At the Milstein-led lawsuit’s settlement conference in June, 2010, U.S. Northern District of California Judge William Alsup called the path to US stock exchange listing Wall St. investment banks led Chinese solar PV manufacturers “a giant loophole,” according to Kilzer’s report.

“(The) SEC ought to say that if somebody is not going to make their work papers available, they cannot trade on the national exchanges,” Alsup was quoted as saying.

Related posts:

  1. Clean Tech Investors Have Faith in 2010
  2. Chinese Companies To Lead Clean Tech Stock Rally
  3. Clean Tech: "It's the institutional investors, stupid."


Why DOE-Funded Floating Turbines May Change Future of Offshore Wind

Posted: 10 Dec 2011 07:31 PM PST

Hywind_havvindmølle-DOE-Maine

This week, Statoil has an application for a pilot demonstration of their Hywind floating wind turbine 12 miles off the coast of Maine before the new Bureau of Ocean Energy Management for approval. The demo would be the fruition of a project begun in 2009, and funded by the Department of Energy.

Then Maine Governor John Baldacci had visited Norway to inspect Statoil's Hywind floating turbine project with state and university officials and business leaders and encouraged Statoil to consider his state for deep-water testing of the commercial floating wind turbine technology in the Gulf of Maine. A return visit introduced Norway’s Statoil to turbine construction expertise in Maine, visiting the Vinalhaven wind turbines on the Fox Islands constructed by Cianbro.

Maine is a good site for the test, with deep coastal waters conducive to testing floating technologies and the University of Maine, with its DeepCWind Consortium and the public/private partnership at its  Advanced Structures and Composites Center.

The University of Maine had been the recipient of an $8 million federal grant in 2009 from the Department of Energy for wind energy research, with up to $5 million in addition subsequently. Four pilot sites off the coast of Maine were under consideration.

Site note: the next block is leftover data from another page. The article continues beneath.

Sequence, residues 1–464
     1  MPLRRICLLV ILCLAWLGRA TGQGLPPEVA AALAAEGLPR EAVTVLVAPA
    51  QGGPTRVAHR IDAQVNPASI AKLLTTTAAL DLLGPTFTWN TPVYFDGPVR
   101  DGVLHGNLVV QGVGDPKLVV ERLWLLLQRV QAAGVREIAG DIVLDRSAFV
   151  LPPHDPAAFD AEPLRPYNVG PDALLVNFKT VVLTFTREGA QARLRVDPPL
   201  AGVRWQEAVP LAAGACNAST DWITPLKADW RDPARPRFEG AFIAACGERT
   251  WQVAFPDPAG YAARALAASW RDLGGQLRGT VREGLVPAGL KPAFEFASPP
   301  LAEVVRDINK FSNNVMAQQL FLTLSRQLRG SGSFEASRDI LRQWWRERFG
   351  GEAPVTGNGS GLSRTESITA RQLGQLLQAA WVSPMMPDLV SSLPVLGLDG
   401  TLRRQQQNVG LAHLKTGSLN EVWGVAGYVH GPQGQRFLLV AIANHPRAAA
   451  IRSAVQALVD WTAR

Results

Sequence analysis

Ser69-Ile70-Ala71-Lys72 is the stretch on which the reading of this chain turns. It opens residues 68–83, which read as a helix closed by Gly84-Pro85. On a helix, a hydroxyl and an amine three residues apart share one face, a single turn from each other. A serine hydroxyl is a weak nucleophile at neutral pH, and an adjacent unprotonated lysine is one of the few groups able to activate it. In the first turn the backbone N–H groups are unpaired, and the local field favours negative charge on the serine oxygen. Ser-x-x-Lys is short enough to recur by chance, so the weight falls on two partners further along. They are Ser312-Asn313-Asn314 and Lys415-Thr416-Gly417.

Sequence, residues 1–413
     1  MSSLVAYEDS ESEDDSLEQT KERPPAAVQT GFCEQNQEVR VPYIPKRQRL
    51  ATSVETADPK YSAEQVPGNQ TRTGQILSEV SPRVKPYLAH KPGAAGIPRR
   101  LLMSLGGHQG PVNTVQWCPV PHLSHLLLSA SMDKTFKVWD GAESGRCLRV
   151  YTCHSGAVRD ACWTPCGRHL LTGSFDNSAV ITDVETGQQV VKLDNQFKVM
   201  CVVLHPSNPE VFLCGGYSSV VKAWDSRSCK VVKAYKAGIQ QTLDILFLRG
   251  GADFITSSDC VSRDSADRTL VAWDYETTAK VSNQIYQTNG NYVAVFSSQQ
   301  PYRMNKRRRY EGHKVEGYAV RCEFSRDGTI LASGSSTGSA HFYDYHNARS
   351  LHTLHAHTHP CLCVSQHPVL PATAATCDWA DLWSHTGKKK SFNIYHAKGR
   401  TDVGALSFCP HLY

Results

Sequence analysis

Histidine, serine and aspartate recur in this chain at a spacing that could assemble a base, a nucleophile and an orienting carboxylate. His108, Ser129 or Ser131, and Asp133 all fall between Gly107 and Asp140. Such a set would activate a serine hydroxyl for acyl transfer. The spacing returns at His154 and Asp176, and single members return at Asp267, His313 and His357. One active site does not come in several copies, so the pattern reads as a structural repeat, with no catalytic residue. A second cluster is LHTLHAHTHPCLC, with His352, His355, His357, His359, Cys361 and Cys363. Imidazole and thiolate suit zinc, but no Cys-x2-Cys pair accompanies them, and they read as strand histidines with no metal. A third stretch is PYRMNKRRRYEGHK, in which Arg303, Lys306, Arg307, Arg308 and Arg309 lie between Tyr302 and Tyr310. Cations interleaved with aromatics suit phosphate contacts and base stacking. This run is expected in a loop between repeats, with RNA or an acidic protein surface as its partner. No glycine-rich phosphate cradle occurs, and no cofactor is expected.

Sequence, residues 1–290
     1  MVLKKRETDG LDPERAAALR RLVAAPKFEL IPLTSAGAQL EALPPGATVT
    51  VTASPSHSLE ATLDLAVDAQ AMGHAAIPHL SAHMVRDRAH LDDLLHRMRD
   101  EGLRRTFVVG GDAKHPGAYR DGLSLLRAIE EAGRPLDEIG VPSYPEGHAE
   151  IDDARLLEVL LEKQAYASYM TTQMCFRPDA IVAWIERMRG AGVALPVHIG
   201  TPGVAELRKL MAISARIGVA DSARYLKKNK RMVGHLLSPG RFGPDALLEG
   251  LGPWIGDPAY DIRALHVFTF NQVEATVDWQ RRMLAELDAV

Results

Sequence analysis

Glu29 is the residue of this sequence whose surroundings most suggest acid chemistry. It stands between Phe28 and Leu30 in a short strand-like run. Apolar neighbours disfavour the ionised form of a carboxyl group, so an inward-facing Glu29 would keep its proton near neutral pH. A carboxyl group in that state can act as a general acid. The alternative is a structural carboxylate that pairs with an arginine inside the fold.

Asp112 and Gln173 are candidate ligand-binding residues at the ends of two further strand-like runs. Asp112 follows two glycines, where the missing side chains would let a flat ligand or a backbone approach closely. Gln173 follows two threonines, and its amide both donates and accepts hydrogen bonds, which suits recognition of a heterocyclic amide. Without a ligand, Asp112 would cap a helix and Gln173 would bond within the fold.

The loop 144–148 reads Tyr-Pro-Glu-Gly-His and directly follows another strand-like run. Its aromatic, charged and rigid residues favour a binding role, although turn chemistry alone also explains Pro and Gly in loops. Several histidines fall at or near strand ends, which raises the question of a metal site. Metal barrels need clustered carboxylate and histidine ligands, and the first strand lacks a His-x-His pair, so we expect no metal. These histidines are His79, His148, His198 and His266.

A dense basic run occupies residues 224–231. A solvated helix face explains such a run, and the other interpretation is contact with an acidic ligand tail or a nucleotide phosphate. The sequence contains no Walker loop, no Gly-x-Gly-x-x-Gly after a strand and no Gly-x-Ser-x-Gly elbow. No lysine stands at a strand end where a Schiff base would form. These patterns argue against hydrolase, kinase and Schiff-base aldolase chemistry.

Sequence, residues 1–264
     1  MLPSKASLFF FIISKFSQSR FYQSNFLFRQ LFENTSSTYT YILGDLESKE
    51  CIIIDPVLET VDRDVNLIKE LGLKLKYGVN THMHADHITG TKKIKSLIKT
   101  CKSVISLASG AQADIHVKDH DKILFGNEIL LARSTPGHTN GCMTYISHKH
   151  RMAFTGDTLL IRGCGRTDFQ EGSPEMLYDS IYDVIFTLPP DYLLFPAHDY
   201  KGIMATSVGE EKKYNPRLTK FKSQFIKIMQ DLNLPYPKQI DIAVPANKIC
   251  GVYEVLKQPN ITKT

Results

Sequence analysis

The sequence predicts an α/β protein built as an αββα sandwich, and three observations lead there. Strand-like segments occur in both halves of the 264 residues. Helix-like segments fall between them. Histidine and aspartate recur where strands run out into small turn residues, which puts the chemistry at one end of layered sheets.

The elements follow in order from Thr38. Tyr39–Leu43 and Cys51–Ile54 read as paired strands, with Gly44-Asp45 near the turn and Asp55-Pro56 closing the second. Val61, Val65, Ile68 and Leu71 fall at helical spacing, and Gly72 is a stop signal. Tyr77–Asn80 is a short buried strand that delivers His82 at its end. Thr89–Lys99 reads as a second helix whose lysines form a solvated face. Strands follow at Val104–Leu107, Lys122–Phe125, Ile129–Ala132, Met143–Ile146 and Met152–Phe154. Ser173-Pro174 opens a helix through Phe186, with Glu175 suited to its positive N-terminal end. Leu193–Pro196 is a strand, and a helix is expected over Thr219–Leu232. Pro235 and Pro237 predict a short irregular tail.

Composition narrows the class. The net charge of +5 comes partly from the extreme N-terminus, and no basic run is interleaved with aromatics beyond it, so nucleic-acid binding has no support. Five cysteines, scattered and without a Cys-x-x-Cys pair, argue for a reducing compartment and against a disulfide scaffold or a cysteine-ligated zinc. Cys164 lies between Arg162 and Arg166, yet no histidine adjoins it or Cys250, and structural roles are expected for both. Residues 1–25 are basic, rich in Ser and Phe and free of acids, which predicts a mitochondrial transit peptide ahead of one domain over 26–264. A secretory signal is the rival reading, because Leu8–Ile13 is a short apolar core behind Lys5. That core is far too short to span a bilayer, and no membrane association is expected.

Pilot programs of ocean enrgy technology typically cost much more than $8 million. The inventor of the Waveroller told me in Finland that full scale pilot tests can be at least $100 million.  As in all manufacturing industries; that “first sample” can cost as much as ten times as much to produce as the same thing on a production line.

However, because Statoil already has a prototype of its Hywind floating turbine operating since last summer off the coast of Norway, this second one can be built for much less, even though, for the US, it would be a “pilot” project. Norway’s Statoil is the world leader in floating wind turbine development, so Maine made frugal use of DOE funds, getting a very big bang for the buck. There is another reason it is a good investment. Turbines have to be constructed nearby. It is not an import industry.

Maine has the skilled industrial employees ready and willing to work, who currently work for local companies such as Bath Iron Works and Cianbro, the turbine manufacturer that built the wind farm that delivers 100% of the electricity for Vinalhaven, one of the Fox Islands off the coast. Although Norway’s Statoil and Germany’s Siemens brought the expertise to the US, it is US workers that will benefit if the application is approved, the test is a success and offshore wind potential gets harnessed to provide clean energy here.

In this way, one of the smaller investments of the 2009 Recovery Act might in fact wind up unleashing one of the bigger results. Most of the world’s offshore wind is already a maturing industrial sector in Europe, with a staggering 141 GW of offshore wind in the pipeline.

In Europe offshore wind projects are going forward with turbines attached to the sea floor which limits suitable wind farm locations, and Europe is already up against those limits.

But the partnership between Statoil and the University of Maine on the floating model could instead yield a new kind of offshore wind industry in the US, starting from scratch with floating wind farms rather than attaching the turbines to the sea floor, opening up much more useful ocean territory to energy production, regardless of depths.

Because of greater ability to access stronger and more consistent winds deeper out at sea, floating turbines are possibly more economically efficient in the long term. Despite having had to learn from European companies to get started, the US could thus take offshore wind in a whole new direction and greatly expand it.

(Previous: EU Invades US for Energy Resource.)

Related posts:

  1. EU Invades US for Energy Resource – Offshore Wind
  2. US Students Testing Deepwater Floating Offshore Wind Platforms for Wind Turbines in Netherlands {VIDEO}
  3. 1st-of-Its-Kind Floating Wind Turbine Technology to be Deployed by Vestas & WindPlus [VIDEO]